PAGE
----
• Organic- Not all the foods at the farmers market are organic. The best practice is to ask. Many times, local farm representatives will tell you that their food is “organic,” despite the fact that they do not carry a “certified organic” label. The reason behind this is that for some small farms these certifications cost a lot of money that can prove financially prohibitive. In general I trust the farmers at the market, and in most cases, I think their hearts and practices are in the right place. If they say their produce is organic, I believe them. However, even if the food is not organic and was grown conventionally (using pesticides and fertilizers) and locally, this is still a good thing and definitely the next best choice in environmentally friendly agriculture. You may just want to subtly ask your farmer if they have plans to go organic in the future.
  • Sustainable- If you’re interested, you can ask your farmer if they perform crop rotations and employ bio-diversity on their farm. These practices usually help the farm become a closed loop where the plants, animals and soil all benefit from each other.
  • Are those free range eggs- There is a stand at our farmers market that sells eggs. If yours has one also, it may not be a bad idea to ask all of the above plus whether the chickens are allowed to roam about freely. I noticed the last time we were at the market the egg stand put up a sign that listed all of these answers, so they must get these questions frequently.
  • Is it in season- Because most food at the farmers market is grown locally, generally it’s in season. Just in case you are curious, here is a link to check what’s in season in your area.
  • Recipes and Storage- Who better to ask how to prepare and store the food than the person that grew it? Farmers usually enjoy the produce they grow and have some good tips and tricks on cooking it and making it keep for awhile. Who knows, you may even walk away with an old family recipe.
  • Create a list, and get those items first- Sometimes the excitement of the farmers market can send us into a buying frenzy…I think cheap, fresh food has that effect. However, stick to the list. If you’ve got your meals planned out for the week, get those necessary ingredients first. After that, you can check out some other treats. The key is not to buy so much food that it spoils before you can eat it. Since most of the produce is ripe when you buy it, it’s shelf life is probably only a few days.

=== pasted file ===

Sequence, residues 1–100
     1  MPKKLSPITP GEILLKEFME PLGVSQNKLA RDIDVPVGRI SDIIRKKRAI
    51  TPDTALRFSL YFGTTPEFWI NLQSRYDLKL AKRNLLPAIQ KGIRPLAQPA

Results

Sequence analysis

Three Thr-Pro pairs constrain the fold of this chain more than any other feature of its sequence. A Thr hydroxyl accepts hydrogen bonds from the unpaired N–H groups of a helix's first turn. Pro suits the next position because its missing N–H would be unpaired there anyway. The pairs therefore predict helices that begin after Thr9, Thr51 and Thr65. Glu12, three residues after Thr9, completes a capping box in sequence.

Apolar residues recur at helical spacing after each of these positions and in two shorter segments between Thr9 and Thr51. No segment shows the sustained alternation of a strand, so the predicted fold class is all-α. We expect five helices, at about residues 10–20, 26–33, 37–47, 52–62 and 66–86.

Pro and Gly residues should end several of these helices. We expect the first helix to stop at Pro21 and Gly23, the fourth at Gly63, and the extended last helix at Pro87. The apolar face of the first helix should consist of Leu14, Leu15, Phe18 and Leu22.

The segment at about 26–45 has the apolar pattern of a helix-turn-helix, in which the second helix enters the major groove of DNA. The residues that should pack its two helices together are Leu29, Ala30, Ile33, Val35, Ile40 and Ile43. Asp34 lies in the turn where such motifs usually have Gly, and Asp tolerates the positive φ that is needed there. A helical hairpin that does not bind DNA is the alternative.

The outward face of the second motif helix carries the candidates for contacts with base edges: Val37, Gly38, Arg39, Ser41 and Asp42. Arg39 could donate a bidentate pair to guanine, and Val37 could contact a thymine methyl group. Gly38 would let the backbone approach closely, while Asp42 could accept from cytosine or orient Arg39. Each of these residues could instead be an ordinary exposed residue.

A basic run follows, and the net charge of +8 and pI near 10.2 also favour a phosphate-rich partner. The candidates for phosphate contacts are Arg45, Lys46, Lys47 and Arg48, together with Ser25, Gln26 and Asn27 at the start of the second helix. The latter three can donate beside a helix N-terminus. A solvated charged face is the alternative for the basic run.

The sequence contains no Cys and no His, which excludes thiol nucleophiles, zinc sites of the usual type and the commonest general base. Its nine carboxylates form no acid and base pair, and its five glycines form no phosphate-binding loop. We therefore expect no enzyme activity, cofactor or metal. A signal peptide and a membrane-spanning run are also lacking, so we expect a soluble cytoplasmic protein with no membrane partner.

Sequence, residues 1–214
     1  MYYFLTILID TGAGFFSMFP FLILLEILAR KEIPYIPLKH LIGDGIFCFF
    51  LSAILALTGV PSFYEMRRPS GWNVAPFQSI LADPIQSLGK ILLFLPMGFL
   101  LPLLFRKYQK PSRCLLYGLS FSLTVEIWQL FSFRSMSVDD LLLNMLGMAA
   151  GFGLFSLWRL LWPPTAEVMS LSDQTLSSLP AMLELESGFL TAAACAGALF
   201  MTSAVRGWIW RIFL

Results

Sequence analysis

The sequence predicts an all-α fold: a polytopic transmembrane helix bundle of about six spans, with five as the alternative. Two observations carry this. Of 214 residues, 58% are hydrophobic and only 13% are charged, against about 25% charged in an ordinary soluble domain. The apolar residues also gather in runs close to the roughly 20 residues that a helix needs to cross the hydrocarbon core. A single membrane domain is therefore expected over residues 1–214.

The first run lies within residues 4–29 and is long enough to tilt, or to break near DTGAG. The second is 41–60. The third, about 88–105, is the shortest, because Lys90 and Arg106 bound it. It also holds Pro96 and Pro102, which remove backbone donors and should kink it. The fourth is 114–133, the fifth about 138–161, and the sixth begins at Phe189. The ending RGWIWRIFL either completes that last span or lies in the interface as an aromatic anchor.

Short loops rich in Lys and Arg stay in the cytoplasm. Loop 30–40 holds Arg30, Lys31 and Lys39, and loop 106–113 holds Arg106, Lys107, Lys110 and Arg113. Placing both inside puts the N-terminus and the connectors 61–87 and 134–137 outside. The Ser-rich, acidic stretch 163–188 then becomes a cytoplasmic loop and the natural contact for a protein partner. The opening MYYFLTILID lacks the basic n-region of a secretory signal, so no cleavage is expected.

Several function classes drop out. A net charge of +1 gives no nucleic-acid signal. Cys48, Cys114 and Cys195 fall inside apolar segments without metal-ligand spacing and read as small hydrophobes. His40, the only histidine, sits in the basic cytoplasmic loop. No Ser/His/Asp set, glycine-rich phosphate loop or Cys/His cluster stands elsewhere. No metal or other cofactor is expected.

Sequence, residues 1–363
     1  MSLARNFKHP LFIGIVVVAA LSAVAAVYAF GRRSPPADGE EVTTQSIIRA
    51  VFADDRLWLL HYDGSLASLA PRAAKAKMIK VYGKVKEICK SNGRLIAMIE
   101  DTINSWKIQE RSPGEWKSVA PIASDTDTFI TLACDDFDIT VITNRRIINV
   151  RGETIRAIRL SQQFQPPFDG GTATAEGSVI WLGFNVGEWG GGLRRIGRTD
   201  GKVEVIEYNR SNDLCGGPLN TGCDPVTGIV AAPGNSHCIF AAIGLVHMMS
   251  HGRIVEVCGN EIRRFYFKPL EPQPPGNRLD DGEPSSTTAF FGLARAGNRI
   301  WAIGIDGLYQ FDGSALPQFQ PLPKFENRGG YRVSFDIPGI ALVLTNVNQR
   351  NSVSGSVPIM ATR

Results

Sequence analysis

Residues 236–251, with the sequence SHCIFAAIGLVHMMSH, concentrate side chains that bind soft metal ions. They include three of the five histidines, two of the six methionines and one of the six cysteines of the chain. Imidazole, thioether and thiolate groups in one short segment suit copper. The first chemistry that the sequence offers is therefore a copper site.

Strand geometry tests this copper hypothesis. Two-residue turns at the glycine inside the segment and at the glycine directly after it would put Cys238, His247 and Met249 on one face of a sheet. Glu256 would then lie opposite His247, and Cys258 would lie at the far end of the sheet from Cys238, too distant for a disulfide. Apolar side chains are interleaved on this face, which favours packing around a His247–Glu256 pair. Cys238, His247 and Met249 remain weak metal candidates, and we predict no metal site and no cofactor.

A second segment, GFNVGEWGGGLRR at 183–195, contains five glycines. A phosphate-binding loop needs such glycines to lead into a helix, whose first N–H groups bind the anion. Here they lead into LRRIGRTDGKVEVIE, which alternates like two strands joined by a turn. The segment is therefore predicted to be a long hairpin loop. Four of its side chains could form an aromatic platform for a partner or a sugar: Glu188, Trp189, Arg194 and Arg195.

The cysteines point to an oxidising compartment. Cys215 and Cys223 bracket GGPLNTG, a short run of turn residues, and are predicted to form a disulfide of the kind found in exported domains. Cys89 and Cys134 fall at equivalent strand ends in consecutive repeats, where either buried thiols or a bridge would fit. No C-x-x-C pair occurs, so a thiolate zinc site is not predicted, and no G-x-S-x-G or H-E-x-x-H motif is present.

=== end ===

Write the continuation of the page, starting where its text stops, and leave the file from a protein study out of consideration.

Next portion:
• Give the kids a couple bucks- Let them choose and purchase some fruits and veggies on their own. You never know, they may be more inclined to actually eat the healthy items that they picked it out and paid for.
  • Bring your own bags- Globally, we use 1 million plastic bags per minute. They fill up our landfills, open spaces and oceans. If you take one thing away from this post, let it be this, please use reusable bags to help reduce this number.

Overall, these tips should help you make an educated decision on the food you are about to buy. You’ll probably only need to ask them once, as you’ll purchase from the same farmers from week-to-week. After awhile, you will get to know them and they will usually take special care of you in pointing out the best produce and give you more tips and suggestions.

Happy shopping!


…and we’re back

Our apologizes for being down yesterday.  Our hosting provider has some problems with the server wannaveg is on.  I am not sure what the problem was because they never told me….so, I think we will start shopping for a new provider.  Thanks for your patience.

The EU has been slacking as a global purchaser of genetically modified foods.  For some strange reason, they think they can survive as a civilization without eating Frankenfood?  Absurd. The United Corporations of America United States and other countries like Canada and Argentina are complaining that the EU has setup unfair market barriers to keep GM food from entering the continent.  A six year moritorium on importing GM foods ended in 2004 and last year the World Trade Organization ruled that banning this gene-altered food was illegal.